“We’ve been fortunate, really beyond the (last) decade, to just get solid groups of athletes out that want to compete. I think what happened, on the girls side anyway, is when we won our first Division 1 title in 2012, the next group that comes in wants to leave their mark and wants to do a little more,” Saari said. “When you have a solid group of leaders throughout the course of the last decade, it’s contagious with the freshmen and even trickles down to the middle school too.”

That might sound like an understatement given the success of the middle school tennis program last year, it’s first. More than 100 students attended, and the middle school has only about 450-500. The tennis program was for only sixth, seventh and eighth graders – so it’s fair to put an estimate at roughly 25 percent of the community’s middle schoolers had a racket in their hands.

They have plenty of standouts to look up to, as both Finals singles champions were freshmen and both doubles pairs finished the fall undefeated. Together, those six players are among 10 total starters who should be back next season. Negaunee will graduate only No. 1 singles Jordan Enright and No. 1 doubles Stella Harris.

Harris and sophomore Madison Frustaglio finished runner-up at the Final, and with No. 2 champs Olivia Lunseth and Sage Juntti and No. 3 winners Kallen Schultz and Madalynn Peters gave the Miners a comfortable predicament in August as Saari believed all six were capable of playing the No. 1 flight. As they powered to titles, Paytin Brunette and Autumn Ring finished out the strong doubles lineup with a runner-up Finals finish at No. 4.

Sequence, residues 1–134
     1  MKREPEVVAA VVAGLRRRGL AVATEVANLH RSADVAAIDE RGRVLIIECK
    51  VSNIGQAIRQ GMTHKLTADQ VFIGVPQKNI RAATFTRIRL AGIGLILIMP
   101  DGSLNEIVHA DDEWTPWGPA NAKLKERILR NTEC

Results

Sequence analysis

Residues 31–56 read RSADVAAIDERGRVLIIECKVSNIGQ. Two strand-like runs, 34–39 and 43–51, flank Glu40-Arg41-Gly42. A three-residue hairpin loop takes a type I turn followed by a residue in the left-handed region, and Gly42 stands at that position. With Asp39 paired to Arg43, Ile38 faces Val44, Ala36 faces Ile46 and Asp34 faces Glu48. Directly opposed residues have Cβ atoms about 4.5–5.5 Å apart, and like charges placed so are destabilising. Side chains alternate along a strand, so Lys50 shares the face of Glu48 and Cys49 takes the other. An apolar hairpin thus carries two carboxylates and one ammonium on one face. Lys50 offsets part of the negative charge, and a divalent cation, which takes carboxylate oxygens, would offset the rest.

On the singles side, the freshmen pair of Rheana Nelson at No. 3 and Lilliana Saunders at No. 4 anchored like veterans, joining No. 2 singles runner-up Aubrey Johnson and Enright at the top as all eight flights scored at least one point at the championship tournament. 

Negaunee finished 13-0-1 in dual matches this fall, that lone tie coming midway through the season against more experienced Iron Mountain. The Mountaineers were on the cusp of victory when Nelson stepped in to seize the tie-saving point. 

She and Saunders, because of their inexperience, carried some uncertainty entering this season. They also ended up major reasons why this championship team will continue to stick out among the many the program has celebrated.  

“We felt pretty good about two freshmen stepping into our singles lineup. We knew they were athletic, and we knew they were high-character kids,” Saari said. “But at the same time, under pressure at the end of the year, you don’t know how they’re going to react. 

“Those are two (singles) titles, as time has really went on, it’s put into perspective how special those two flights were for us.”